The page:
Too often we think of the work of creating a strategy as making a choice or decision. Creating a great strategy is not about deciding which is the best option amongst a list of alternatives. No such list of clear choices exists in today’s business world.
Today the work of strategy needs to be approached as a design problem where various interdependent factors such as talent available, business intelligence, leadership, organizational structure, and the financial model are considered as a total system and linked together.
A good strategy intentionally designs a solution to coordinate all the internal systems into a focused competitive advantage.
In my first job at Procter & Gamble as a systems engineer, I faced a design problem I had to work out involving Betty Crocker cake mix and specifically, the main ingredient, flour. In 1984, it was common practice for farmers to fumigate their flour bins using Carbon Tetrachloride (Carbon tet). In order to ensure the flour arriving at the manufacturing plant in Jackson, Tennessee didn’t exceed what then was deemed safe levels of Carbon tet, a solution needed to be designed to ensure that samples from rail cars en route were delivered to a lab for testing in Cincinnati and the results of those samples could be obtained at the plant receiving dock prior to unloading the rail cars. This sounds simple until you factor in hundreds of rail cars and the time it takes to perform the lab test. To provide some context, this was back before the manufacturing plants had PCs and before the internet existed. Communication technologies available to me for solving this problem were:
- The telephone
- Overnight mail
- Fax machine
- Terminal (think monitor/keyboard) dial-up to a corporate mainframe computer
If I wanted to use option 4, I’d have to personally write the software solution on a mainframe as there were no such things as off-the-shelf apps for this kind of thing.
In creating a solution for the problem I had a number of elements to consider.
- I could build a manual workflow based on faxing and phone calls. This option wouldn’t require any technical risk, nor much training, and I could have a solution in place in no time. However, the downsides were it added more labor and had more room for human error. Plus, sorting through physical file folders in case of a recall would be time-consuming and expensive.
- I could build a database and screens to input data, install terminals at the lab and at the plant, and have a “real time” solution with data tracked and reports available to the home office as samples were analyzed. The upsides of this option were in data accuracy, timeliness, and having multiple parties see the same data. The downsides were many on this option as well. I didn’t know any database programming languages, Terminals and modems were new technology for the lab and the plant, and I had no reference for or precedent providing me an example of how to build such a solution. .
To make the best choice, I had to look at the challenge as a sequence of choices that were linked. The time it took rail cars to reach the plant balanced against the time it took for samples to be processed at the lab had to be considered in addition to the chance of human error in data entry balanced against adoption of change for new technologies had to be considered. And lastly, an honest assessment of how difficult it would be to learn a new software language and build a working model under the time constraints without having experience needed evaluated.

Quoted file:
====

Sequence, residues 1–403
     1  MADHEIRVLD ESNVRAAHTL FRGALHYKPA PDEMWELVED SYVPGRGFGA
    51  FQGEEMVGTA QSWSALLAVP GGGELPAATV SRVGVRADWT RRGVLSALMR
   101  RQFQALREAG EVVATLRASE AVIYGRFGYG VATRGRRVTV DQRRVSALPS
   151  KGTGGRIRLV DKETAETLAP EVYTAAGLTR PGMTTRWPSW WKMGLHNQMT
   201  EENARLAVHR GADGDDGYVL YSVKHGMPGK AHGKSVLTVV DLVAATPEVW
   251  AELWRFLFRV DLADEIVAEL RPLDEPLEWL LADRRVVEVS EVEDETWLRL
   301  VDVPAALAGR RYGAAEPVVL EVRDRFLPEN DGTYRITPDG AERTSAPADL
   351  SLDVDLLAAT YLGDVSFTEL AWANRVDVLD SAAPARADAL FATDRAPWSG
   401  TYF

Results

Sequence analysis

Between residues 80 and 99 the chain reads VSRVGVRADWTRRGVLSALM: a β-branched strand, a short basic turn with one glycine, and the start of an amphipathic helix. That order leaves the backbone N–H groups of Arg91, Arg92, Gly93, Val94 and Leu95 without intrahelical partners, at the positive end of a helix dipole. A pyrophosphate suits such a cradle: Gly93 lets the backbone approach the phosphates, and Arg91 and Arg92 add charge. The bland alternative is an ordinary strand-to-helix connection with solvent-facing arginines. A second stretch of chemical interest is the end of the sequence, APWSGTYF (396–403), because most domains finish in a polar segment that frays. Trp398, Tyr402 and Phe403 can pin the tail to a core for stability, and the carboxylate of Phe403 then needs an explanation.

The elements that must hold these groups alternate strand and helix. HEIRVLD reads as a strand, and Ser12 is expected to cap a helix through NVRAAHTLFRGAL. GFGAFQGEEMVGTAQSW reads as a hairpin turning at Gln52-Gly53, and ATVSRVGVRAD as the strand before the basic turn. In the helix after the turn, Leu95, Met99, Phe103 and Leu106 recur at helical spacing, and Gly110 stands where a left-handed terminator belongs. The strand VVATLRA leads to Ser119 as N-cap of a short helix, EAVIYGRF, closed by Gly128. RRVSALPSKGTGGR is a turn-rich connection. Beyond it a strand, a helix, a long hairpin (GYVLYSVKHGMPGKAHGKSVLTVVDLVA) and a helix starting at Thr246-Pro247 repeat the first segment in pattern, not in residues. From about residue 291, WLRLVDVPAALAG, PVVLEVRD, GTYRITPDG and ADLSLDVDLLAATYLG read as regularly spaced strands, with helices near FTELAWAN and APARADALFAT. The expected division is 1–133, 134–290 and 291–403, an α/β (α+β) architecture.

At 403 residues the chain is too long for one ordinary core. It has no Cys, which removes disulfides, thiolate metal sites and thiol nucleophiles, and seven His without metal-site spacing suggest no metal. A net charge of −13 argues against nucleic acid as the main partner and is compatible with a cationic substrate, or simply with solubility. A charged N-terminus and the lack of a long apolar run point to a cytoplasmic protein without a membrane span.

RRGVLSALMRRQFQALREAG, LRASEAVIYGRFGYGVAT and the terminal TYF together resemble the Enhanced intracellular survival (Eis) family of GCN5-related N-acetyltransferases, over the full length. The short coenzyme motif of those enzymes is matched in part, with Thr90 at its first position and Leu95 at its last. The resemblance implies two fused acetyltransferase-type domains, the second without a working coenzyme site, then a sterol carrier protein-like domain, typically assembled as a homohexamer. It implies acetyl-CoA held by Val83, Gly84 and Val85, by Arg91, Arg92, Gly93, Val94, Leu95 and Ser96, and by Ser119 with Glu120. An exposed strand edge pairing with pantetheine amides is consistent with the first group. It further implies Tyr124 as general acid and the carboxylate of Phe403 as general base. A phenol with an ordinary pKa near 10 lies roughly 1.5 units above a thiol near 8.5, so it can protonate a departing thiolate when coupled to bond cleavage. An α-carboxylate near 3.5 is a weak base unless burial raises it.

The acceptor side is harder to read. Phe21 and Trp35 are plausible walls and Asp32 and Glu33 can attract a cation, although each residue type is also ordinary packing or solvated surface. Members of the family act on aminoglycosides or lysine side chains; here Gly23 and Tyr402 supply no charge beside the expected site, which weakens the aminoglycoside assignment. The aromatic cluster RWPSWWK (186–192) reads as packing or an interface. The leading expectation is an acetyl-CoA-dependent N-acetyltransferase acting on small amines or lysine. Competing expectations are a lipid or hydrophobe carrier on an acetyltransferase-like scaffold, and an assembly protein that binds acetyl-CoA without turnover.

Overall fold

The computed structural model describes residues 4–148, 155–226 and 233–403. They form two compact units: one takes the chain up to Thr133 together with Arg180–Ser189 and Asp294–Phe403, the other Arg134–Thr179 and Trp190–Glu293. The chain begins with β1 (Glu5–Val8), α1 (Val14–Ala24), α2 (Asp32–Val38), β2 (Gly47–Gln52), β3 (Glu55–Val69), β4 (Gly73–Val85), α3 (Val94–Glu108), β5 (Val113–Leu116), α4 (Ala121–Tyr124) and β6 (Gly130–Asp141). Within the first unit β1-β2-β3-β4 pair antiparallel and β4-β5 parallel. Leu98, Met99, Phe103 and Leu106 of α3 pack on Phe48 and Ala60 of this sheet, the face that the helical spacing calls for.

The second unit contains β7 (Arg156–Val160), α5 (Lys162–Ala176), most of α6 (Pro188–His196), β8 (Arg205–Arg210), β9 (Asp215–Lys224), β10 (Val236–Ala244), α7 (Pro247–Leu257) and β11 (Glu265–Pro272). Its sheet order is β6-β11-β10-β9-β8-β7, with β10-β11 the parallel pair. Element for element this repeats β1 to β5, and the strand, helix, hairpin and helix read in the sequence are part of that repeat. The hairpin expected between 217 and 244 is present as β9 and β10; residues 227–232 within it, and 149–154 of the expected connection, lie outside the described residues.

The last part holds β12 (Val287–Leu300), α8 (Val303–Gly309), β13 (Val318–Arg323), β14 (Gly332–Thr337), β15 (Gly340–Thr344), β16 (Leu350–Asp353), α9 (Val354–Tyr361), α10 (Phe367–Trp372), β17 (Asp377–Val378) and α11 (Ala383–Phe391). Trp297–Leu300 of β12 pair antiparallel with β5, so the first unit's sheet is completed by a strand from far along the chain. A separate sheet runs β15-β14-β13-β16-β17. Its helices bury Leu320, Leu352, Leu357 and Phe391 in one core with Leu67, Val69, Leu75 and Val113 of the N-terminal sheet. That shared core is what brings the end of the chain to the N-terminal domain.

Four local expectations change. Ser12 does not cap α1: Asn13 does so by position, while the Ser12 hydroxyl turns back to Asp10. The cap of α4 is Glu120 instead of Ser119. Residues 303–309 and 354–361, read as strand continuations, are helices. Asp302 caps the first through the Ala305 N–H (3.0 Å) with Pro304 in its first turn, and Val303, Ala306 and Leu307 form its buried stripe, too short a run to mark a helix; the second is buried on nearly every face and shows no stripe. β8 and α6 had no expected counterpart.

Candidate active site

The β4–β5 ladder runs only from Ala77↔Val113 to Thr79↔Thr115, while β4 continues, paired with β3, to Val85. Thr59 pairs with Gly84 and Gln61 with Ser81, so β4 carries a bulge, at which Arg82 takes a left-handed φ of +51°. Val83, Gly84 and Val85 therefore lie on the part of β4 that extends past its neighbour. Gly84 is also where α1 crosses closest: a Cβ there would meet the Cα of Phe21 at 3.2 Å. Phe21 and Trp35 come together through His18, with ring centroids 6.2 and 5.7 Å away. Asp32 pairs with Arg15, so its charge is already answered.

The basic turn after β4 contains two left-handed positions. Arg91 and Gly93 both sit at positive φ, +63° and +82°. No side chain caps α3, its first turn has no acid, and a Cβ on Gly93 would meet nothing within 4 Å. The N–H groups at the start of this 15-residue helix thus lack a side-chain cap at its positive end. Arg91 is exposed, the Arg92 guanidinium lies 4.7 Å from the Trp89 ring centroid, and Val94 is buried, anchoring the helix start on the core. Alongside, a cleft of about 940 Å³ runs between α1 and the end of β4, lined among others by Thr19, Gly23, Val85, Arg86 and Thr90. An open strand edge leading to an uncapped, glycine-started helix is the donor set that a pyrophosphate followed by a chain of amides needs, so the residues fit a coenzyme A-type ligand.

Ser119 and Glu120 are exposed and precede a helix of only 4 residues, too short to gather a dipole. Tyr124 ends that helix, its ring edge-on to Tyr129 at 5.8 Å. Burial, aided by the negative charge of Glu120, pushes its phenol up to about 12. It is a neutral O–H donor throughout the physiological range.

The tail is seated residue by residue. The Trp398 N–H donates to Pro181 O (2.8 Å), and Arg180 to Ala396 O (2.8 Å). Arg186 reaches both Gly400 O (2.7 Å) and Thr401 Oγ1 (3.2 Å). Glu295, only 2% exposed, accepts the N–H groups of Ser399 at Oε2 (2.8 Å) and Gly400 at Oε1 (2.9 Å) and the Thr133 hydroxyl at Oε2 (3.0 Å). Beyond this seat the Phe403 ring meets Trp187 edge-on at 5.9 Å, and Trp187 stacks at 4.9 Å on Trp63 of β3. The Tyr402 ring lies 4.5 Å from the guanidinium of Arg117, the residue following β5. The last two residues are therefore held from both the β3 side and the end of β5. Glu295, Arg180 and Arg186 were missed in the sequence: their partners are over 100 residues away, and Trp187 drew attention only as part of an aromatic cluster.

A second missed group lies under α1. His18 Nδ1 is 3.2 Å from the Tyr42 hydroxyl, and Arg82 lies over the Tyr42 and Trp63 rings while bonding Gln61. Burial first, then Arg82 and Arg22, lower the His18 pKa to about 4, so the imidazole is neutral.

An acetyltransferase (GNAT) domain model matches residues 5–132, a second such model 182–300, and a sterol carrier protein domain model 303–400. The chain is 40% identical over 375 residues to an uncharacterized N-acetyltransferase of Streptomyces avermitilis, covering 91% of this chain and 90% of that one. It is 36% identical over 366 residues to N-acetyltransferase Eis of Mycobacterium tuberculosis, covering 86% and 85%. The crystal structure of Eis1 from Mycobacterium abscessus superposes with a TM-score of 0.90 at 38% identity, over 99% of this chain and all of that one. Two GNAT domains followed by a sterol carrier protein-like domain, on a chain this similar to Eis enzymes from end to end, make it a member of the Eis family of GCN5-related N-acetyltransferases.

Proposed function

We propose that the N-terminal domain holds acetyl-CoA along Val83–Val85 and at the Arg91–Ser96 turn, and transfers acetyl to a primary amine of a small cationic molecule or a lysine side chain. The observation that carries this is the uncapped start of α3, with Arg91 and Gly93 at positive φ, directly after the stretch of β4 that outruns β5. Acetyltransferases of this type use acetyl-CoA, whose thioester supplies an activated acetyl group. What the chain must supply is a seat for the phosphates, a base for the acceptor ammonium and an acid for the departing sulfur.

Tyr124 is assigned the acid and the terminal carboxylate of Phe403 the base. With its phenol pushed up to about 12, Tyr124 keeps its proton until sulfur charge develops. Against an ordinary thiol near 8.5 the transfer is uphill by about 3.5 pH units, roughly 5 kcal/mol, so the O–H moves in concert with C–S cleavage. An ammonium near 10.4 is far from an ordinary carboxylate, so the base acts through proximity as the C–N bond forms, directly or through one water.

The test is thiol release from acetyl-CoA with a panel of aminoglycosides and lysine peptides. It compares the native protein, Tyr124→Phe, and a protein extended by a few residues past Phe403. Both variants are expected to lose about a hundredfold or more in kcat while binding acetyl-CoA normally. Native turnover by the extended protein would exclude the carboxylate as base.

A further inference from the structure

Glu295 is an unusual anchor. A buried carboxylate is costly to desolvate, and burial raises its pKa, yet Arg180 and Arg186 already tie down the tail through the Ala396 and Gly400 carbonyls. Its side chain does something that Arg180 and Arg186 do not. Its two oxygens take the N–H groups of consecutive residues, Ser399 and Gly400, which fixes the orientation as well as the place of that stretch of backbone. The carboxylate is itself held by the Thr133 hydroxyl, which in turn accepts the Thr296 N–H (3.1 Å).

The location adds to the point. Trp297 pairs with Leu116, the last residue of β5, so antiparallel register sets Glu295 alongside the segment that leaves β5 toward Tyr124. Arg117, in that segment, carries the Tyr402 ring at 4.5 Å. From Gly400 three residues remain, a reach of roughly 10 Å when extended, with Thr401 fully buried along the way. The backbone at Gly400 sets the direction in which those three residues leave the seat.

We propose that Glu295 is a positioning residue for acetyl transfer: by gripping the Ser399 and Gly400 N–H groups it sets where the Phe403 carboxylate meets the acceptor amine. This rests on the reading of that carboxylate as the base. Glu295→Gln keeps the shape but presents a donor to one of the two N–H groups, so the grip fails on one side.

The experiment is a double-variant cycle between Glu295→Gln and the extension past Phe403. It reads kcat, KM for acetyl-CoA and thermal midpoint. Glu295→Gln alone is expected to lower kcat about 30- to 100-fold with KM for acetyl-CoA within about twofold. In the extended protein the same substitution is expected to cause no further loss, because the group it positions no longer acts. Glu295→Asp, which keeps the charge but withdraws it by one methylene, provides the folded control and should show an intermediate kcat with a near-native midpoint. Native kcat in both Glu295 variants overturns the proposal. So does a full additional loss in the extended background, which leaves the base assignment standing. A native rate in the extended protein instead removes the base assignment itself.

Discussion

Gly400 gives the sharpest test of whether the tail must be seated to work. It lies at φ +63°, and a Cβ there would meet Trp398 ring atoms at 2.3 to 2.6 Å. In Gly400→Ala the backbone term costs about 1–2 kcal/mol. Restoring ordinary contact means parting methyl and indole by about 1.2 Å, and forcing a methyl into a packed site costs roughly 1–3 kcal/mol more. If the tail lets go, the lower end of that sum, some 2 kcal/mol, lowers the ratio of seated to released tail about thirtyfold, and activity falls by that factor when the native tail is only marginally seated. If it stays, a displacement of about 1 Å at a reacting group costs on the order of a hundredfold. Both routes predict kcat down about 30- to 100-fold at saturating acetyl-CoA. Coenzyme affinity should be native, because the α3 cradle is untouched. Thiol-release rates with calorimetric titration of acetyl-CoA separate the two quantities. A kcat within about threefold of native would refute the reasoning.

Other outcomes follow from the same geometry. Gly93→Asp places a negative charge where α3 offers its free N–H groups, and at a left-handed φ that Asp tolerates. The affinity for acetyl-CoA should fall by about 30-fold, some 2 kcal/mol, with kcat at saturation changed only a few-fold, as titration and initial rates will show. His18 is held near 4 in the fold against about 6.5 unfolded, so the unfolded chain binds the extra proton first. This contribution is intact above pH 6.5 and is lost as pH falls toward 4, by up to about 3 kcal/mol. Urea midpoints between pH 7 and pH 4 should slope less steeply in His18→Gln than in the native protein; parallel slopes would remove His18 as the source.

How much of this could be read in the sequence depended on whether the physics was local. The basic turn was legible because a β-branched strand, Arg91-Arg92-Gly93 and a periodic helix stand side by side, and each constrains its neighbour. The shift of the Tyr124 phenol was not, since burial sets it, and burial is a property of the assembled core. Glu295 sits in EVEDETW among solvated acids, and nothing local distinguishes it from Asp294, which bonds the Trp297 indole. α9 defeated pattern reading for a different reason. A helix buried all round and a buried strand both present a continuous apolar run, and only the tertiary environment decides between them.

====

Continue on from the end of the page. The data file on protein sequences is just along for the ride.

The answer needed designed along each link in the chain. As a young 22-year-old who, after all, was a systems engineer, the answer ended up being door number 2.
And so the Pesticide Information System (PIS) was launched. And then quickly relaunched as the Pesticide Residue Information System or (PRIS) as senior management over-road my naming scheme.
What does PRIS have to do with Strategy?
In solving for the challenge of coordinating samples and rail cars, it was clear it wasn’t about just considering one option over another option. The answer was to design a solution that looked at every link in the chain.
The same is true for CEOs trying to find the right strategy to grow their company. The work of a CEO is to design a solution that solves the market challenge and outperforms the competition, along a linked chain of connected decisions.
CEOs doing strategy work are not deciders, they are designers. Great strategies are designed, not chosen.
One of the best books I recently read on strategy is Good Strategy, Bad Strategy by Richard Rumelt. He brings tremendous clarity to how great strategy is done today and the role of the top leader in designing strategy solutions. It is chock-full of insightful learnings about how to think about strategy today and how to get it done in an ultra-complex and dynamic world.
Here are a few quotes from his book that I found helpful.
“The term ‘strategy’ should mean a cohesive response to an important challenge. Unlike a stand-alone decision or a goal, a strategy is a coherent set of analyses, concepts, policies, arguments, and actions that respond to a high-stakes challenge.”
“The core of strategy work is always the same: discovering the critical factors in a situation and designing a way of coordinating and focusing actions to deal with those factors.”
“Use your relative advantages to impose out-of-proportion costs on the opposition and complicate his problem of competing with you.”
“A strategy is a way through a difficulty, an approach to overcoming an obstacle, a response to a challenge. If the challenge is not defined, it is difficult or impossible to assess the quality of the strategy. And if you cannot assess a strategy’s quality, you cannot reject a bad strategy or improve a good one.”
“To achieve leverage, the strategist must have insight into a pivot point that will magnify the effects of focused energy and resources.”